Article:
How Does One Select a Home Care Provider?
Most people prefer to live in the safety and comfort of their home as they age. Home care providers can help one stay in their home, but first they must choose a provider that matches their needs. The key to choosing the right provider is planning. The 3 areas for you to consider are your financial, health, and social needs, or those of your loved one.
- First financial planning which will help one ensure that they have the money needed to maintain the quality of life that one desires.
- Secondly one must consider health care needs over time, therefore planning may involve home modifications, in home health monitoring, and Personal Emergency Response Systems. Proper home health care planning can help prevent falls or accidents.
- Third, but most important to quality of life are the social needs. This includes transportation to meet friends, doctor visits, hobbies, synagogue, or adult day care.
Armed with a plan one must understand the types of regulated home care providers available in Central Florida. The laws and regulations that govern home care in Florida are designed to protect the patient and family. People may choose to hire an individual caregiver or contractor, but run the risk of elder abuse, fraud, as well as insurance and tax liabilities.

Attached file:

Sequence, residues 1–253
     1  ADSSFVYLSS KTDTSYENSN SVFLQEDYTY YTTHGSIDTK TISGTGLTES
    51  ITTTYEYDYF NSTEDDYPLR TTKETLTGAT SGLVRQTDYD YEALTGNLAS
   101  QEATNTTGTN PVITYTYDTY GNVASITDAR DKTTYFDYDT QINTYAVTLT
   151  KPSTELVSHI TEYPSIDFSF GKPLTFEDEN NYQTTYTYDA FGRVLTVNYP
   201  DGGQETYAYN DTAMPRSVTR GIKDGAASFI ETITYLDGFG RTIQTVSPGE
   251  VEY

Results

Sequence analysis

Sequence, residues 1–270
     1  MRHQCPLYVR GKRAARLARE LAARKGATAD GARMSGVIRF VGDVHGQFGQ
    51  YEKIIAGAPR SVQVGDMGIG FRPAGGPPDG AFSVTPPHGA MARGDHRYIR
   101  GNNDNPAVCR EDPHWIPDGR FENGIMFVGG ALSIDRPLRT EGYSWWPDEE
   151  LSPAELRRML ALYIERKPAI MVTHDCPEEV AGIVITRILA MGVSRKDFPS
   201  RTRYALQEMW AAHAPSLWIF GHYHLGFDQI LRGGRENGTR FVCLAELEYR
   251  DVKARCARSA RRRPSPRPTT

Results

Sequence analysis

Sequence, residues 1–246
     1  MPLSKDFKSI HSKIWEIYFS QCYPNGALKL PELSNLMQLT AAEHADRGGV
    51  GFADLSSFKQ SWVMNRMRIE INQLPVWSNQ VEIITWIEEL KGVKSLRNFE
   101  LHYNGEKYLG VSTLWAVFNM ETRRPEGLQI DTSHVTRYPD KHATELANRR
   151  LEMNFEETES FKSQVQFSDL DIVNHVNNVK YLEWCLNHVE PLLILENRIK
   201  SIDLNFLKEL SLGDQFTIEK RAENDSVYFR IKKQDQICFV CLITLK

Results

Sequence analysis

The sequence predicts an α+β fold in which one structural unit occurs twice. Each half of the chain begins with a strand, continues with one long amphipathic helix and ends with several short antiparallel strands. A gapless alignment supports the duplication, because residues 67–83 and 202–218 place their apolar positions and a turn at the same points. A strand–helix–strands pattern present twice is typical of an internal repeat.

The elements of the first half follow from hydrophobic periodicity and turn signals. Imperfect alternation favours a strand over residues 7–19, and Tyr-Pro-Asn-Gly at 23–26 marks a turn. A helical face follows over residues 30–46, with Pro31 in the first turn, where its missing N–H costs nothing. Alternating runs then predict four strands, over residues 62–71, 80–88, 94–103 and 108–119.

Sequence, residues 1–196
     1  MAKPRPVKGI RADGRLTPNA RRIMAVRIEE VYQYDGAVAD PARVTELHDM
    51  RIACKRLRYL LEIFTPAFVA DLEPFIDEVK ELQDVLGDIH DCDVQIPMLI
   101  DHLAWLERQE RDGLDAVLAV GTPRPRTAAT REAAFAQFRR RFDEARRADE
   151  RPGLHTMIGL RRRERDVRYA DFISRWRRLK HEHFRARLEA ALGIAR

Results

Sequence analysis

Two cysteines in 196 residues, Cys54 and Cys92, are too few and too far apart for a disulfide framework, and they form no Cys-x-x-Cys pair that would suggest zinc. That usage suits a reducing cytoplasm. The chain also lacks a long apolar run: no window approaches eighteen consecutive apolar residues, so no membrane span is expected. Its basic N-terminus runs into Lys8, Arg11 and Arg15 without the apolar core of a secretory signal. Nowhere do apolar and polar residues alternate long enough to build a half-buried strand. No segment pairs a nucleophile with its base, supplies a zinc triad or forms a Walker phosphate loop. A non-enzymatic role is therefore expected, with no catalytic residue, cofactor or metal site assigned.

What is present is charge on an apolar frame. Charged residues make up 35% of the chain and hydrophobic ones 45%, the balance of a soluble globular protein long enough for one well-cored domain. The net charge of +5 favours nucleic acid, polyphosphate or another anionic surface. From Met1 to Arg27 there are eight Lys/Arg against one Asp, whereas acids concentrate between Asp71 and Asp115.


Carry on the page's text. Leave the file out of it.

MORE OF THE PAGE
When it comes to home care for a loved one, you must understand what level of care is needed. Does your parent need personal care or homemaker assistance? Is assistance needed all-day or all-night, or just in the morning and/or evening? Do you need help for your parent when a family member or friend is not there? Assistance may also be planned for occasional respite care, or around holidays or vacations when family caregivers are not available.
You may want to define the types of home care assistance that you need.
- Household Care: cooking, light house keeping, laundry, transportation
- Personal Care: bathing, feeding, dressing, incontinence assistance
- Medical Care: medication reminders, medical advocacy, RN house calls